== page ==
There's a reason people become cynical and it's based on disappointments like this book. Don't get me wrong, the writing
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Michael
It's been over a hundred years since H.G. Wells first wrote The War of the Worlds and yet, for some reason, writers are still employing the device of using a virus to defeat alien overlords. It crops in novels, movies and should the series survive to finish it's story I wouldn't be shocked to see it used as the conclusion of V.

For some reason, we just can't come up with a new or different want to fend off an alien invasion.

David Weber's latest novel Out of the Dark is just another example of i
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James
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Jacqueline
Sep 29, 2010 Jacqueline rated it 4 of 5 stars  ·  review of another edition
Recommends it for: sci fi adventure fans
I generally really like David Weber and this one did not disappoint. There were a lot of characters to follow as usual in his stories but it was relatively easy to do. The aliens seemed fairly alien. Not necessarily as alien as others I've read but a pretty solid effort in making them "not like us psychologically". The sci fi element was well done but not a huge element in the story. Most of the action took place on Earth just a few years in the future and so most of the action revolved around f ...more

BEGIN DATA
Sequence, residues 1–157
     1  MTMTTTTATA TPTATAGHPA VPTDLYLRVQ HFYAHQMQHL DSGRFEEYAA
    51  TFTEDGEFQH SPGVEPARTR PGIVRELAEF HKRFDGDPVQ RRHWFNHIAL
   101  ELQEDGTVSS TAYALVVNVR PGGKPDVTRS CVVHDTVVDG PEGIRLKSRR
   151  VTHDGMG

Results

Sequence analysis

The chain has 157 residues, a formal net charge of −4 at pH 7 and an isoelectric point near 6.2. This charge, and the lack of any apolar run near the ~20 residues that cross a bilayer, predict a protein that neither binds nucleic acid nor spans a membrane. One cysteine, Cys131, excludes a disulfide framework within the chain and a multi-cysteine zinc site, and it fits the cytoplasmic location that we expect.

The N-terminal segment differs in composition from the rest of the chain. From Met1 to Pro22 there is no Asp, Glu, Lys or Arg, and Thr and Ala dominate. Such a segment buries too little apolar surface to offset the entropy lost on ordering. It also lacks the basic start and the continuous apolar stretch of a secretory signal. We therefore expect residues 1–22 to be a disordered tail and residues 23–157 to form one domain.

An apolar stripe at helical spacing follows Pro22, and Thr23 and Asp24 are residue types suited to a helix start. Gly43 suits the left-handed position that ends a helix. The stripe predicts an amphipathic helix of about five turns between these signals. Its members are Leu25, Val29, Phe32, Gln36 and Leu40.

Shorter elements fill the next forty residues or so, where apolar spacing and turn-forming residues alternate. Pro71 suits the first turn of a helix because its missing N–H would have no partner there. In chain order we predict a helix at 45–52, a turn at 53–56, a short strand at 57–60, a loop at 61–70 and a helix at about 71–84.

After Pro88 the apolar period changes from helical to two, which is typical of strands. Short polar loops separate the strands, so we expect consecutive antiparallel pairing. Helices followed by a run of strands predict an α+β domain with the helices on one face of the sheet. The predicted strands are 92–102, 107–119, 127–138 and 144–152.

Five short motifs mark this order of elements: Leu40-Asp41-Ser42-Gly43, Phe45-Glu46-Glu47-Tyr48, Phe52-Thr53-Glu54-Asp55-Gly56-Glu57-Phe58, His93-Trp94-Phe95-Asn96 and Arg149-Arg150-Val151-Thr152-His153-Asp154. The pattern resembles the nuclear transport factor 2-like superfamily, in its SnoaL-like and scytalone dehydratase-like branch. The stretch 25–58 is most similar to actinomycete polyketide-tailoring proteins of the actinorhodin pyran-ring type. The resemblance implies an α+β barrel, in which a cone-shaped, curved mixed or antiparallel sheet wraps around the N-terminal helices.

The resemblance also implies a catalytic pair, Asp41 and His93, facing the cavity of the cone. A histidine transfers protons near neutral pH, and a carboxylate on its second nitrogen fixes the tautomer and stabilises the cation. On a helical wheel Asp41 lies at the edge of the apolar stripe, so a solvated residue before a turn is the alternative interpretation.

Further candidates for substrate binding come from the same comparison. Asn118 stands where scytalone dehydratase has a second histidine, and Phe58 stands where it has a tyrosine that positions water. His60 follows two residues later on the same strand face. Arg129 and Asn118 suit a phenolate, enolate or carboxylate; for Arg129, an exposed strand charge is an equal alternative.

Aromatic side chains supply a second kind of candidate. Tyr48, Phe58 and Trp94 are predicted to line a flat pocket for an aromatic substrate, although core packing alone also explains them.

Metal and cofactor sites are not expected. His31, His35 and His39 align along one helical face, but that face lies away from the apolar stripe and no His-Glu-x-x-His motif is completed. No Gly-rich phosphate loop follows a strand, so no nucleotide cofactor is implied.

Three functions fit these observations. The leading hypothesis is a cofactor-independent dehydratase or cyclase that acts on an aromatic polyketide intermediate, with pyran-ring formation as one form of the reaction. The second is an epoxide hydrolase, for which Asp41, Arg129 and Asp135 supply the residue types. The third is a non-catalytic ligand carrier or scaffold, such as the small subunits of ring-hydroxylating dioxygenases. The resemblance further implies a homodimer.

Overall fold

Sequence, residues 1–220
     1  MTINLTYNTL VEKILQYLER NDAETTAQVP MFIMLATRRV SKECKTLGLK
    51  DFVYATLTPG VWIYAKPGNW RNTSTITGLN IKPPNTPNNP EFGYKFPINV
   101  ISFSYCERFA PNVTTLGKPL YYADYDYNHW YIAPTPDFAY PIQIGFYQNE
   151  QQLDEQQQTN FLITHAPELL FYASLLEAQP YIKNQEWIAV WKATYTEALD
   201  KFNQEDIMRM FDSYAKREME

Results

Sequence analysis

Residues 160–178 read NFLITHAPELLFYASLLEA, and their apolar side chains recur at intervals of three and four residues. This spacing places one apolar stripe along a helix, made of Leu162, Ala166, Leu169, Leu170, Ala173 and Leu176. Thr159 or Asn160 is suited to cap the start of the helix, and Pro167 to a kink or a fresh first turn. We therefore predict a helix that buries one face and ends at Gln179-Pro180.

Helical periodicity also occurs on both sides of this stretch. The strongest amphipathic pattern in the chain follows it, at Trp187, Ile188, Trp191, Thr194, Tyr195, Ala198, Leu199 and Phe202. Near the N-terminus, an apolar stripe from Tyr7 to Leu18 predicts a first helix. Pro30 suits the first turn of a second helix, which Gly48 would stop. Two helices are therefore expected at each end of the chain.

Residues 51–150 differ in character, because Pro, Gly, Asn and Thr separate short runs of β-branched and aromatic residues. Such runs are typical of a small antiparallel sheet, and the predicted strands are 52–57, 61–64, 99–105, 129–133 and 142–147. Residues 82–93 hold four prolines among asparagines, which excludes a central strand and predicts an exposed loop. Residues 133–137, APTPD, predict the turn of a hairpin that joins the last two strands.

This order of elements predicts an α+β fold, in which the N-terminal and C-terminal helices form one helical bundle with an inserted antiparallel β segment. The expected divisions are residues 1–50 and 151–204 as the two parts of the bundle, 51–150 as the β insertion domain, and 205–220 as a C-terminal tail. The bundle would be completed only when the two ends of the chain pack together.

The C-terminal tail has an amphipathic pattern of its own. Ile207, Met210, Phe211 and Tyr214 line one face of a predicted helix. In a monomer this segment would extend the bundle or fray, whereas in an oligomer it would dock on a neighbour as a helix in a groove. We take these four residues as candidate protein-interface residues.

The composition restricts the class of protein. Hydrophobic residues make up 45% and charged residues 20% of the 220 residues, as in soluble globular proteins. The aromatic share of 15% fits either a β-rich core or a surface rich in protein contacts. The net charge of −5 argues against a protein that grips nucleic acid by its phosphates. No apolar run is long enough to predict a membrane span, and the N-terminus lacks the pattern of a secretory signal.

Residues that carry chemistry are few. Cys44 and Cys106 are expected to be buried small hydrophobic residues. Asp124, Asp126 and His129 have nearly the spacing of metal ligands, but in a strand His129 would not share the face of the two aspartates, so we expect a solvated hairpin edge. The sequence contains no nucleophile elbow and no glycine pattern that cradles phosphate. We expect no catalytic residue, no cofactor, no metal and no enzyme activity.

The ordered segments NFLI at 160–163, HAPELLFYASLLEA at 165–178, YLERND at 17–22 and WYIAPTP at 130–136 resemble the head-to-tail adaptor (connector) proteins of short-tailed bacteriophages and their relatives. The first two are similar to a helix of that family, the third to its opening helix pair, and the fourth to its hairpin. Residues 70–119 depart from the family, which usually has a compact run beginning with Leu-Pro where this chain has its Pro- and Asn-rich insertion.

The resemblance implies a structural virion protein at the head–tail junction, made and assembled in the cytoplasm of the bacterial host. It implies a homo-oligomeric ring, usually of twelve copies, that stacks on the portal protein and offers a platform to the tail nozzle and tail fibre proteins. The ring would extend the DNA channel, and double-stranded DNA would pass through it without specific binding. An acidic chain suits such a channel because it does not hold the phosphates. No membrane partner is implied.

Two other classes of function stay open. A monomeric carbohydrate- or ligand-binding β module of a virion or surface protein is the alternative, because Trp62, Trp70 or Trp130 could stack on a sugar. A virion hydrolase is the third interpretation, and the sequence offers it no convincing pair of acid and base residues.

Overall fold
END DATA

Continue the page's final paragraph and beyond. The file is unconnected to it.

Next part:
Amelia
No offense meant to my brother, who got this for me, this was probably the worst book I've read in a long time. I really wanted to like this book, the premise was great and I enjoyed it in the beginning, but the redundancy was starting to be too much. I'm not too much into military fiction, so the frequent and overly-detailed descriptions of the weaponry were difficult for me to slog through. The writing quickly became redundant with the use of the same plot device when describing the attacks on ...more
Iago77
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Stephanie
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Laura
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Connie
There's a big part of me that wants to give it one star, but that wouldn't be quite fair: the first 200 pages of the book were actually quite enjoyable. The ending was probably the worst cop-out I've ever seen. It was terrible. Honestly, I can't put into words how horrible the ending was.